Are there any winners in the food supply chain at the moment?
Not shoppers. They have seen prices rise as inflation bites, and the pain is starting to be felt.
In April, 7.3 million adults lived in households that said they had gone without food or could not physically get it in the past month.
This is compared with 4.7 million adults in January, according to research by the Food Foundation, a charity that tracks food insecurity.
Not supermarkets. They made good profits in the coronavirus crisis as we all stopped eating out, but now look set to get hammered from both sides – by consumers for not doing enough to keep prices low and by the supply chain for doing too much.
This week, Tesco chairman John Allen said many shoppers are facing real food poverty for the first time in a generation, after hearing checkout staff in his stores are frequently being told by customers to stop swiping items once they get to £40.
Not food processors or other parts of the supply chain.
They will live or die on their ability to pass costs through their hands and limit exposure to other linked companies going bust around them – a grim task that may get increasingly difficult if the economy stagnates.
And certainly not the farmer. Along with the consumer, they are the ones into whose lap many of these inflationary price rises have fallen.
Pig farmers are experiencing average losses of £58 a pig, and egg producers are losing 23.8p/doz before finance costs as a result.
This is the problem with inflation. There are few winners, apart from perhaps heavily borrowed businesses that manage to tough it out and see the value of their debt eroded away in time.
You could not have asked for a better example of all these issues coming to a head than this week’s Pig and Poultry Fair.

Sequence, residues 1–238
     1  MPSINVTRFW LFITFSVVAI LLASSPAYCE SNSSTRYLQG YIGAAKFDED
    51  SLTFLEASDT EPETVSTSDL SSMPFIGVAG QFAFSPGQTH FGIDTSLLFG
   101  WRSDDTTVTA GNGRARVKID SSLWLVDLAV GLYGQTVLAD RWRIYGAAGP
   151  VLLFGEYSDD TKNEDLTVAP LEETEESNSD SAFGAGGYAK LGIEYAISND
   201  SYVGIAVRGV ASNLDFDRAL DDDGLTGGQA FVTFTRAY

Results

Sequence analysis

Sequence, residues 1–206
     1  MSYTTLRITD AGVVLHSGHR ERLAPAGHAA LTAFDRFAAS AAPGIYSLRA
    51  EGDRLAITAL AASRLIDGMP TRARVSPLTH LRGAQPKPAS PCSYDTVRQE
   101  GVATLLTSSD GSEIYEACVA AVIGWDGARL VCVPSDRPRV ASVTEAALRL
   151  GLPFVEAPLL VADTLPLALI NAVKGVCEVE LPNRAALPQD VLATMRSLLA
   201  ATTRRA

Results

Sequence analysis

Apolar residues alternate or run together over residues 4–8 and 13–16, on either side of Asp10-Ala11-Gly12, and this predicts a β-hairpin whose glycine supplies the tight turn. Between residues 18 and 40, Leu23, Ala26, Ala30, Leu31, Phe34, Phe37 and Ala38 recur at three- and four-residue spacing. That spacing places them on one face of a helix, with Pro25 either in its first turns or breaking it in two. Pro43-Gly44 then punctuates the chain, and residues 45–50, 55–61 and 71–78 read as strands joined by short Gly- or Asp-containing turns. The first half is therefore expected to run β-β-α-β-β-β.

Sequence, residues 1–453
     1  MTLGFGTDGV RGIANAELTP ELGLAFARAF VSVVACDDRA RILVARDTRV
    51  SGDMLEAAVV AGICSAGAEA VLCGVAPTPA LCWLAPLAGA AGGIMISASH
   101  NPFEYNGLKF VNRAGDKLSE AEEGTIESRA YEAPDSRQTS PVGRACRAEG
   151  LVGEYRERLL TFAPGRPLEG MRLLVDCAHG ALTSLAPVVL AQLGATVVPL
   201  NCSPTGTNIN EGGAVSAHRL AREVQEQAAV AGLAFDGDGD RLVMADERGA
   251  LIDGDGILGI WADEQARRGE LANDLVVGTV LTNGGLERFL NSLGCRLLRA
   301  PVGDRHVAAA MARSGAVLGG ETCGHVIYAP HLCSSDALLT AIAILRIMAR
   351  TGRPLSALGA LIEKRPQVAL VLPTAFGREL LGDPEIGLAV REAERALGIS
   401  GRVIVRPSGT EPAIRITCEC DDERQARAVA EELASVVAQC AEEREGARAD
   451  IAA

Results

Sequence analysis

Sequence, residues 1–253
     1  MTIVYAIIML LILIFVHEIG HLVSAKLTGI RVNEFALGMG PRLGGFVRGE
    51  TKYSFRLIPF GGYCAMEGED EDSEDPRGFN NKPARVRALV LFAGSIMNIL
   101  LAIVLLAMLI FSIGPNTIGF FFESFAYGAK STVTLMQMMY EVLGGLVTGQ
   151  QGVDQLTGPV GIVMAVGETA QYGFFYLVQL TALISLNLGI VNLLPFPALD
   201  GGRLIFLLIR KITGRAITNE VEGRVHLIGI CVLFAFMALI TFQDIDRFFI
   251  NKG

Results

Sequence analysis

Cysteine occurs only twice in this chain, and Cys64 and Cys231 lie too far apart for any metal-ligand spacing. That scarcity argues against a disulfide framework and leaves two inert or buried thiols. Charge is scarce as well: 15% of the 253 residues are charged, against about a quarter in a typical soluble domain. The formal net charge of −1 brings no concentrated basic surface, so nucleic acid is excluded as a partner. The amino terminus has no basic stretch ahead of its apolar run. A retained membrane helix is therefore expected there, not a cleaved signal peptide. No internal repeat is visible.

The sun shone and the flags fluttered, but in the crowded debating halls there were crossed arms, slumped shoulders and many a furrowed brow as producers totted up what they’ll lose on the next batch through the shed.
If anyone felt any sympathy for the supermarkets trying to hold down prices for struggling consumers, I didn’t meet them.
Representatives from all 10 retailers refused to face the music and were replaced by a selection of apologetic-looking cardboard cut-outs ordered in by the British Free Range Egg Producers Association.
Retailers that do the most to drive farmers deep into the red should recognise they will be the first without product to sell when that moment comes
The ideal grounds for boom-and-bust cycles are being created that will see good producers driven out of business and prices inevitably rise in the long term once they see gaps appearing on shelves.
That is the farmers’ side of the story. Why has the dairy industry managed to achieve significant price rises in the last year, but pigs and poultry haven’t?
Because supermarkets genuinely believe there would have been milk shortages by now, but perhaps don’t believe the same for the other sectors.
There is still a backlog of pork on farms as supermarkets top themselves up from Europe, and pork and egg consumption has pulled back from its pandemic high.
What they have failed to appreciate is we are not heading for a gentle retreat from peak output but a significant and rapid decline in production capacity that cannot be switched back on overnight.
Retailers that do the most to drive farmers deep into the red should recognise they will be the first without product to sell when that moment comes.
There will always be a price to pay for cheap food.